Government should always be looking at how it can help and be part of the solution. While county government has limited options when it comes to acting beyond the typically smaller scope of our responsibilities, the $40 million American Rescue Plan Act (ARPA) package provided to York County by the federal government enables us to think big and act locally.
Last year, I voted to commit $27.5 million of these funds to be split evenly between our planned first responder training facility and substance use recovery treatment center. Both will help save lives, but the recovery center will be a literal lifeline for so many York County residents in need of treatment.
Had a blast promoting our Saco Holiday Festival and Parade of Lights live on Channel 8 as their Christmas Correspondent and Elf Reporter! Click below to watch!
During the holiday season, it’s a natural time to reflect on how individuals and groups around you have impacted your life. The true spirit of the holidays is how much you give and give back, not how much you receive. That is true for family, but also nonprofit organizations making a difference directly or indirectly throughout your life’s journey.
While it’s easy to toss the annual year-end fundraising letters that cloud all our mailboxes in the recycle bin, each one represents an entity doing incredible work in an area of particular impact. I like to support organizations that have a boots on the ground approach to service. Nonprofits that are service providers directly engaged with those in need. Here are a few of the nonprofits I’m encouraging folks to support this holiday season that I have a connection with.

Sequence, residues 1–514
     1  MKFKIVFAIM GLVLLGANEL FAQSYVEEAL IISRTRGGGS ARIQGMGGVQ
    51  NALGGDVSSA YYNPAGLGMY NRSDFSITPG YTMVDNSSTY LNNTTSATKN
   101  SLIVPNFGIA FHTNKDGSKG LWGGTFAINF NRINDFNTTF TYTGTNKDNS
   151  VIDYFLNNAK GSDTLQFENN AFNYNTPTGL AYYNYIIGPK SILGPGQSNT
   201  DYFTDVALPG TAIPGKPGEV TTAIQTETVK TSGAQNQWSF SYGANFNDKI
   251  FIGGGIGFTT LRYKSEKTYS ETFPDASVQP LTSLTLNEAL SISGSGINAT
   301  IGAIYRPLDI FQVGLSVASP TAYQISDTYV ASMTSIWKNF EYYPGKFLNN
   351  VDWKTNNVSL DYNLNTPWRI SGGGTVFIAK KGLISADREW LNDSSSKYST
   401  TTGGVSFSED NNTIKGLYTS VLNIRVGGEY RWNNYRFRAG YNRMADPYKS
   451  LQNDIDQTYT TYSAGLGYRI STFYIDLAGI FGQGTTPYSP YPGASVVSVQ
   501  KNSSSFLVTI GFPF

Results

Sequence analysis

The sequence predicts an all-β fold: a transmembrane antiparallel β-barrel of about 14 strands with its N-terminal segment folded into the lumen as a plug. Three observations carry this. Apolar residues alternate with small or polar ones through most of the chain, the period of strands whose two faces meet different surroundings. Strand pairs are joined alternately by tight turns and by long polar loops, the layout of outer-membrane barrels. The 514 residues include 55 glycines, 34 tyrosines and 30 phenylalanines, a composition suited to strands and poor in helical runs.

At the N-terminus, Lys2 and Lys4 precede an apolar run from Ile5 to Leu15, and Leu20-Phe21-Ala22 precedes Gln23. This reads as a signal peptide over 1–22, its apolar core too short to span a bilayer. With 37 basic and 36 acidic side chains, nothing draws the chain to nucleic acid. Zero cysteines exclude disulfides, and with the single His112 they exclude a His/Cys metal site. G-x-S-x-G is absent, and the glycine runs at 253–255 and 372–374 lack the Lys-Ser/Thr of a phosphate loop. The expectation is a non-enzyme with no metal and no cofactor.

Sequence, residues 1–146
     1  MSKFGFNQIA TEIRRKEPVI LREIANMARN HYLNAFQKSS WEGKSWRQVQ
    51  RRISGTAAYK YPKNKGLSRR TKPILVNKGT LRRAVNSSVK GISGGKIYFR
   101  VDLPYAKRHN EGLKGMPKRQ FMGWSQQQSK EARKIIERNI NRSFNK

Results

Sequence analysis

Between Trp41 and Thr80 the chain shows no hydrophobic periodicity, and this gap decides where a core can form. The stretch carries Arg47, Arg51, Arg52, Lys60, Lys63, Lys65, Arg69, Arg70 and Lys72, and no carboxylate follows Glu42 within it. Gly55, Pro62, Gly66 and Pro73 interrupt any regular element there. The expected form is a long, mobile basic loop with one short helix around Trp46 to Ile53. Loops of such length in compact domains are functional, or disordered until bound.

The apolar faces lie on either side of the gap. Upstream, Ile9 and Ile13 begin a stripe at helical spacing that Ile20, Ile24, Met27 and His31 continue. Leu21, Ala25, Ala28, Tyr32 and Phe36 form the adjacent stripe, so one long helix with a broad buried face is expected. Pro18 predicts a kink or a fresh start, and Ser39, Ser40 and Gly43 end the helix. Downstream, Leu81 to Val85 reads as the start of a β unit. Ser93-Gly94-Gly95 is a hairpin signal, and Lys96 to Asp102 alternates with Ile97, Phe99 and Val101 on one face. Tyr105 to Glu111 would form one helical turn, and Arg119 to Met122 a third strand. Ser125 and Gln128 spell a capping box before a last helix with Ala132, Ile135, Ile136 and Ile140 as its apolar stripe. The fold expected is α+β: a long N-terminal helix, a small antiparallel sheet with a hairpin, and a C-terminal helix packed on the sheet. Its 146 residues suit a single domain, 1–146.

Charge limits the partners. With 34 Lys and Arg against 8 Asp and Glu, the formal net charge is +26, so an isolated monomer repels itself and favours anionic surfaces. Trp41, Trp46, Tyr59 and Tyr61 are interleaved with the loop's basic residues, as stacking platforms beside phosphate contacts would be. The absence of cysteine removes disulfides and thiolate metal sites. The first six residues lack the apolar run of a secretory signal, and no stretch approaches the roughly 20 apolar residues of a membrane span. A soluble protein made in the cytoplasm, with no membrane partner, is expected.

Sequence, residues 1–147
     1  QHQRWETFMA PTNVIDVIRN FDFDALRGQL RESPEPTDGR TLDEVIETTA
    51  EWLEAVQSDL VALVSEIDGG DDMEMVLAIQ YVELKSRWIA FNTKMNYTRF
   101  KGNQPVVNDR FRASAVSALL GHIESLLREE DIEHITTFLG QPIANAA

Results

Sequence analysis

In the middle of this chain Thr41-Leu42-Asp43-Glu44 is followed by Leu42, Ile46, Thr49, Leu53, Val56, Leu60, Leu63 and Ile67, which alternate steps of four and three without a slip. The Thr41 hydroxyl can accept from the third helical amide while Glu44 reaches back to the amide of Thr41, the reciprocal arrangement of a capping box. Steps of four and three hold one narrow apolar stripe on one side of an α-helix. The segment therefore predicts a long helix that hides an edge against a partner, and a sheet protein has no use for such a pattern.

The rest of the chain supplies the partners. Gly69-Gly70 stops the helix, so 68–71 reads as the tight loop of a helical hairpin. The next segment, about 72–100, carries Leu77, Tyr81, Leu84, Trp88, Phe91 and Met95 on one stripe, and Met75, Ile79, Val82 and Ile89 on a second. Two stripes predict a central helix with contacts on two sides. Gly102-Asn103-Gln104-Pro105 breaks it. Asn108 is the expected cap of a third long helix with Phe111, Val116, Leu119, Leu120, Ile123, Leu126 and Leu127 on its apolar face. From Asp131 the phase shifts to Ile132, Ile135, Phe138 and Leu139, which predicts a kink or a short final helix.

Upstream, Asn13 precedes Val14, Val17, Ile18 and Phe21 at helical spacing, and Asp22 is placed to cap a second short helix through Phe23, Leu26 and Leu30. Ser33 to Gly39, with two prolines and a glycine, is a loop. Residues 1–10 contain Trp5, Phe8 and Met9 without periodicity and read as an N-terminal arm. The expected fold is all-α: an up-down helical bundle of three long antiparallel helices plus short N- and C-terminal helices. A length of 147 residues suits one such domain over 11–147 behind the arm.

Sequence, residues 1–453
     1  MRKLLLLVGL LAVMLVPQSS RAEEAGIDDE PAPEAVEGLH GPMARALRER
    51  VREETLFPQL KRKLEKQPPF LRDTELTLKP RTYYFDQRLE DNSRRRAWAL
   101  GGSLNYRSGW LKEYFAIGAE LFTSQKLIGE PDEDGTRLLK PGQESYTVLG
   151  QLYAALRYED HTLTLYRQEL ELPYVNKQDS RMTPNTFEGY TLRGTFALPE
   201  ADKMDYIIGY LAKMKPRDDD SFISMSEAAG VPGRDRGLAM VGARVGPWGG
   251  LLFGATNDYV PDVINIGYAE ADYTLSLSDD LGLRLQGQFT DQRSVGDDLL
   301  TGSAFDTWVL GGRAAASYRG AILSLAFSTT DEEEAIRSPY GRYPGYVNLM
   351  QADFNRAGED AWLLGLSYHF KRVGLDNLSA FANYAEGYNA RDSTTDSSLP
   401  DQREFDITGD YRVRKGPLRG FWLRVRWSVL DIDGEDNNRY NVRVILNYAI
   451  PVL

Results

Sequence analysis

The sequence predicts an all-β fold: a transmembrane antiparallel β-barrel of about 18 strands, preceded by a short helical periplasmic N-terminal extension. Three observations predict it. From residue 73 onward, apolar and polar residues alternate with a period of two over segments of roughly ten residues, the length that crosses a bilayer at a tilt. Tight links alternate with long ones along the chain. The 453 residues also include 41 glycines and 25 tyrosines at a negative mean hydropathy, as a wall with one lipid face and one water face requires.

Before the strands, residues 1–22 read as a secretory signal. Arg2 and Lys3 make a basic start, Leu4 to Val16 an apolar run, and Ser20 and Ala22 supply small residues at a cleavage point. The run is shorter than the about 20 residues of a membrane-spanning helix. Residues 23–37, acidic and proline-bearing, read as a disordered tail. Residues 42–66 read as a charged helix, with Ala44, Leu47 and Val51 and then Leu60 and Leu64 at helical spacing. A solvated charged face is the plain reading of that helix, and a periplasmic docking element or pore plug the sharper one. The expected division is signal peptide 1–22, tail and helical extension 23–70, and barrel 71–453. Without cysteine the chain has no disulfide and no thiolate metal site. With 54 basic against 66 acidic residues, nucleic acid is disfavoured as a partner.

This month the York County Commission voted to designate Oct. 28 as First Responders’ Day.
It’s so important that we take the time to appreciate the service of those who are on the front lines. Those who are first to the scene of a fire, first to get to your home to take you to the hospital, first to put themselves into harm’s way to protect you. It takes a special kind of person to step up and put the needs of the community first. These are the unsung heroes that never ask for recognition or want to be in the spotlight, but absolutely deserve it. We owe them so much more than our gratitude.
One of my many goals as your county commissioner is to not only bring some added awareness of what is taking place at the county level, but also help the public understand more about what this position entails.
In many states, the role of a county commissioner is a very important one. Outside of New England, county government tends to play a larger role in everyday life than the municipal level.
In some places, county government is responsible for things like maintaining roads and bridges, caring for our physical and mental health, administering our elections, ensuring public safety, strengthening environmental stewardship, and much more. At the other end of the spectrum, Rhode Island and Connecticut do not have county governments at all.
One of the big items that the county commission does is hold tax abatement denial appeal hearings with parties from both the town and taxpayer coming before us to make their case. It’s my role to weigh the facts and determine an outcome that is in line with our obligations set forth by the state. In this case, pushing back on town officials to protect taxpayers through no fault of their own.